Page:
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And Another Thing

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Danica Patrick at the Brickyard

Talks about "process" of learning Indy in a stock car

A few Bricks shy of a load

INDIANAPOLIS -- Greetings, Blobophiles, from the Indianapolis Motor Speedway, where the cynics were dubbing today Fan Appreciation Day on account of there weren't too many of them.

Seriously, drove past the Coke Lot campground this a.m., and, sure, I realize the Brickyard 400 isn't until tomorrow. But it was as empty as I've ever seen it.

Which is likely why there's been so much talk the last couple of days about the Brickyard eventually becoming a night race, once the Indianapolis Motor Speedway does the inevitable and installs lights. Media center insiders were predicting it could happen as soon as next year, and most of the drivers fell in with the party line on the matter.

"If putting up lights and making it a night race is more enjoyable for the fans and fun and fits the schedule and works for the sport overall, then I think we are all for it," Carl Edwards said. "It would be a blast. It will be a neat part of history if we are in fact the first series to get to run under the lights."

* For all the concern about the new Gen-6 car, it seemed to take to the Speedway pretty well. Nine drivers eclipsed the previous track record of 286.293, set by Casey Mears in 2004. Ryan Newman won the pole with a record 187.531 lap.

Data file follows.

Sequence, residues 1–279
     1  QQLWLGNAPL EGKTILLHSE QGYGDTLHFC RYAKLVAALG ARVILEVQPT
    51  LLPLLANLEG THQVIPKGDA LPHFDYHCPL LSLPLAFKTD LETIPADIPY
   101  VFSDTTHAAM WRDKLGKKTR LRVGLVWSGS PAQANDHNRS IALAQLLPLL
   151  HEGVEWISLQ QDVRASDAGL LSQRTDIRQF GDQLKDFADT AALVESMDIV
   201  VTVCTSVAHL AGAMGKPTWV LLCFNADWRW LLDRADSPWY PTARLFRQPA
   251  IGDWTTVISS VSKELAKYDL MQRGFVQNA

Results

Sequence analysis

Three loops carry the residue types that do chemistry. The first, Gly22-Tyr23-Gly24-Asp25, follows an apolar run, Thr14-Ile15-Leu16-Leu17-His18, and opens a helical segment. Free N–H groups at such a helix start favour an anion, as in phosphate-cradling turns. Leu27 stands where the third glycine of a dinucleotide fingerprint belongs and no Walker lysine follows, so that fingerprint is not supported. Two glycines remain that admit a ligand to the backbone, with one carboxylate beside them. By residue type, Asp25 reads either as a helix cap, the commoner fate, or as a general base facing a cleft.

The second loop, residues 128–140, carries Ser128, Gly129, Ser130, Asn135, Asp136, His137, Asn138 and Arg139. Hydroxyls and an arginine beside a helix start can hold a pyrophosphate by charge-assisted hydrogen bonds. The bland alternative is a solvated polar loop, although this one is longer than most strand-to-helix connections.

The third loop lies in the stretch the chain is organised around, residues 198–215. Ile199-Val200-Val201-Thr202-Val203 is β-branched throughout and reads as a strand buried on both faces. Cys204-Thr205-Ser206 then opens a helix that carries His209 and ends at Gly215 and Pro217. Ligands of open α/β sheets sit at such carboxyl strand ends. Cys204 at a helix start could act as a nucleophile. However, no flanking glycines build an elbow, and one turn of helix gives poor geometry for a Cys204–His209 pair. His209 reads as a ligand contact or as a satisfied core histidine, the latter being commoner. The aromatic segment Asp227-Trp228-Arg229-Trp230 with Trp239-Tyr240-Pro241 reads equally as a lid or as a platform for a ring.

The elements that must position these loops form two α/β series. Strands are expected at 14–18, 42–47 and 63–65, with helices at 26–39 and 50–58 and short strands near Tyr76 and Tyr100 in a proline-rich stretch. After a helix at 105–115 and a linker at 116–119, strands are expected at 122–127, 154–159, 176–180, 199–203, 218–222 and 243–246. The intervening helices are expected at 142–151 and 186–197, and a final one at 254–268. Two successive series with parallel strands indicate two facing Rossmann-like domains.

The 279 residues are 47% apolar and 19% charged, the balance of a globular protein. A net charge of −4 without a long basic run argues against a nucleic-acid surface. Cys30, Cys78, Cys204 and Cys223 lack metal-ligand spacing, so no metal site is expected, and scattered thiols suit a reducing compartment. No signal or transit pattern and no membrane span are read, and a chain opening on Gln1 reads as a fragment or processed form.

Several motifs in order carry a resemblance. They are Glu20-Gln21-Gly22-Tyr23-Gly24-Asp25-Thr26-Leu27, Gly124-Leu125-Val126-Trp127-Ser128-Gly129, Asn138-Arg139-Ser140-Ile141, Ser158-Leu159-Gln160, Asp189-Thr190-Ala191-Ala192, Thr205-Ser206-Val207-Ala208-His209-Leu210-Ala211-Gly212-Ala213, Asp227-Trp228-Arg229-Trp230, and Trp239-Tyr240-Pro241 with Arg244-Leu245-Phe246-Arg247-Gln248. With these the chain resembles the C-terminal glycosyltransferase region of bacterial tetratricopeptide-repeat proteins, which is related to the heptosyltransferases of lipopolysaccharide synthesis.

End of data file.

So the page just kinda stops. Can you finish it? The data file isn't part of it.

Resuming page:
* NASCAR Sprint Cup rookie Danica Patrick says she's learning. And what's mainly learning is this: Learning takes time.

"I think that hoping for top 10s and wins all the time is fairly unrealistic," she said before qualifying 33rd for her first Brickyard 400. "It doesn't mean it can't happen. Daytona was a top 10 to start the year off, but I think it's far more realistic to hope for top 15s and top 20s right now.

"If there is one thing I've learned it's about baby steps and it's about making realistic goals you can achieve. Otherwise it's just constantly frustrating because if you had set a goal of top 20 and you finish there then you have something to be happy about, where if you don't set a goal at all and you're 20th, then you are like, 'I suck, I'm 20th.'

"You have to set goals along the way and it's a process ... I wish I was better off than I am right now, but we are getting better. I asked Tony (Stewart) after Loudon how I was doing and what does he really expect out of me. Do you think I am supposed to be top-20 or top-15 all the time? Or am I not? He said 'If I see there being an issue, or something that stood out as a problem, or an area you needed to work on, I would have come to you already. But I don't.' That's the boss ... so."

Ben Smith's blog.

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